The fox-who-was-a-boy fled the wilderness into the wood, where forgetting has no place, into the wood that remembers every facet of the world, where all of history and knowledge flourish, where every tree tells a story made of words solid unspoken, as textured as bark. The boy-fox sought sanctuary in the thick, wrinkled skin of the forest, in its many branches of possibility, in its leaves that touch the wind and the sun’s golden gaze, in the rings of its ever-growing interior.
Deep in the forest, the boy-fox climbed up into a tree he found to his liking, a tree to represent all trees, a tall banyan that was itself a forest of trees, thick with roots and trunks and branches and leaves reaching up forever into the night sky, as if to touch the very moon and stars, where memory and knowledge dream.
In the arms of the tree, the boy-fox curled up to slumber, hugging his foxtail for warmth. The boy-fox dreamt himself a gray fox, chased by hounds and nobles on horseback. The hounds he alluded by scampering up a tree, not towering but squat, big around, and foreboding, not a banyan or any other sort of tree he’d ever seen before in any forest. Its roots struck into the earth and rock like the giant hands of old witches. Its branches spread like long, crooked gallows, and from them hung gray leaves like damp rags from men whose necks had long ago snapped. The strange tree stood reminiscent of a swamp, though the earth all around was dry as dust.
The hounds avoided the tree as if it were not part of the forest, and when the nobles arrived to find the hounds sniffing the tree’s perimeter, only one noble stepped forward into the aura of the tree. She was the Duchess, her gold embroidered dress of crimson and white lace flowing from her elegant, chestnut steed. Upon her large head, she wore a gold crown with a diadem of white opal.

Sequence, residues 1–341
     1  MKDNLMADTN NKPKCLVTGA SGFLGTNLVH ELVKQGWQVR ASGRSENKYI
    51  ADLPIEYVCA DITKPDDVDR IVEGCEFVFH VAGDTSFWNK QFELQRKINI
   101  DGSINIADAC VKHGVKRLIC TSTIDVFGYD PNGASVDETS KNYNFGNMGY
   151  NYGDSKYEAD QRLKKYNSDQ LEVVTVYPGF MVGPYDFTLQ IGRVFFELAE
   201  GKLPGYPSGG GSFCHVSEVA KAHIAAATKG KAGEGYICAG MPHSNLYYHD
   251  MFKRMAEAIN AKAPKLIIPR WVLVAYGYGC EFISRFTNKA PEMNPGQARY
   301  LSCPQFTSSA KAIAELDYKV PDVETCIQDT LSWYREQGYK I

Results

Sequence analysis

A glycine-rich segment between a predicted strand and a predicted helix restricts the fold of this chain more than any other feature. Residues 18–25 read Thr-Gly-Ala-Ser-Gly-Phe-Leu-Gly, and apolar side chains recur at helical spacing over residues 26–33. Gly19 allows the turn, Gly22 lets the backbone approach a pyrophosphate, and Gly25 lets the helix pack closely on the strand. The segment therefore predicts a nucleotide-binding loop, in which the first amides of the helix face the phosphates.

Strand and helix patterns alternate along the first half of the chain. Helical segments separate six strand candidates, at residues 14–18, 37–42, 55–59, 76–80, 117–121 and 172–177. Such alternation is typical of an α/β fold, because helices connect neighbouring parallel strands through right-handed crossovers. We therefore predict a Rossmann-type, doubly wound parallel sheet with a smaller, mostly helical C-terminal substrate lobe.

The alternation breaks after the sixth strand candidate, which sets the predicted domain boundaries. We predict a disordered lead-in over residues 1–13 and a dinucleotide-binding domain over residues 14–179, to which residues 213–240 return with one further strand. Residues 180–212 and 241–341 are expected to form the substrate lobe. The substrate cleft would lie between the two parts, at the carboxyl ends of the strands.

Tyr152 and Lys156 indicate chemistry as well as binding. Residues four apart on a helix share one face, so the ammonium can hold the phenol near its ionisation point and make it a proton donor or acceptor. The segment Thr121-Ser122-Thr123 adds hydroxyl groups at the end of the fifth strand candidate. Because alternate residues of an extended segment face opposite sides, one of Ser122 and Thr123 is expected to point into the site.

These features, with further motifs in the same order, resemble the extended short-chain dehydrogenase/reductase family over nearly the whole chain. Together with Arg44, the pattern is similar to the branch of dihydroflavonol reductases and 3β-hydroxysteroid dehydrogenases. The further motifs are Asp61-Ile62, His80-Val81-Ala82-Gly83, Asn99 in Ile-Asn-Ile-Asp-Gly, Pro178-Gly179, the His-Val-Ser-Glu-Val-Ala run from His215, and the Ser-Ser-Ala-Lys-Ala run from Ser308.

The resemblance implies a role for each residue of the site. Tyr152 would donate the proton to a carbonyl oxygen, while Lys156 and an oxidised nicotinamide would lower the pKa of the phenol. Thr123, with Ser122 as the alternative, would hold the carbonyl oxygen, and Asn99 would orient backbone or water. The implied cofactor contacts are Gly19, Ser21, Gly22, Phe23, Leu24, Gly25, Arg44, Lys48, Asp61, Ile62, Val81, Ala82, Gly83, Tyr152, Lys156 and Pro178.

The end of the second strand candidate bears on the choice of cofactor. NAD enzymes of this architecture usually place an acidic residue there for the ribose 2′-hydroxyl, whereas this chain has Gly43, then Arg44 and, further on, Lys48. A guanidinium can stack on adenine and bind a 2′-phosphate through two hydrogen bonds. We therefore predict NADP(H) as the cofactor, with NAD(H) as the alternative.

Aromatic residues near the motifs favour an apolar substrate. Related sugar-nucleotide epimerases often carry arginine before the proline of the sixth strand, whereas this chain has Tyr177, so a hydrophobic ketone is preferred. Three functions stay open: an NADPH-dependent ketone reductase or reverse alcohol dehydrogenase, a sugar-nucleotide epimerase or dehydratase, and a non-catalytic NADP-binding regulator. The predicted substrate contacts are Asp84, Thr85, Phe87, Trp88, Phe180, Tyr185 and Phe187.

“Fox,” she spoke, “Boy! You will not topple my kingdom nor usurp my power. I am the Duchess, and you will serve me as all others do. Hide if you wish, but one day, I will eat you for supper and wear your hide upon my swan neck!”
At this, the nobles rode from the forest to hunt another game, and the hounds dutifully followed.
The fox awoke from his tree to find himself snug in the great tree. But towering over him was a great owl, ivory and chestnut in color, with eyes of speckled gold. The owl then spoke,
“Boy-fox, listen! I am the great owl of the forest. I am the Hunger and the Duchess, the beast and the old man. The circle in the sea and the formless wind flow from the same source; from one I drink and upon another, I fly. I am the Forest, the Universe, and the teller of tales.”
The boy-fox yawned then replied, “All this is well and good, but what news do you have for me? When will the storms come? What of the Duchess and her party? What means the Forgetter and his letter? What role am I to play in this menagerie?”
The owl twisted its neck one direction, then the other before speaking again, “You are slave and savior, vessel and weapon, a trickster and a lullaby to trip up the Duchess and inspire the poet. The Duchess demanded commandments on clay tablets for you to lead her people from the wilderness, but all you must learn, you must etch upon your heart, for tablets can and will be broken. Learn and remember the path but tear down every signpost. The Forgetter will be your father and lover, and you must guide him, even as he holds your leash. Know well every animal you meet, whisper in their ears and learn their secrets, and in the eyes of the blind poet, you will unleash his storms.”
The heart of the boy-fox, burdened by the owl’s words, licked the owl’s feet then whispered in his pointed ears, “Teach me your secrets.”
The fox and the owl lay together in the arms of the trees until the fox learned to fly and to hunt mice from above, until the fox learned both Hunger and prudence. Then the fox left the forest to find those whose story remained untold.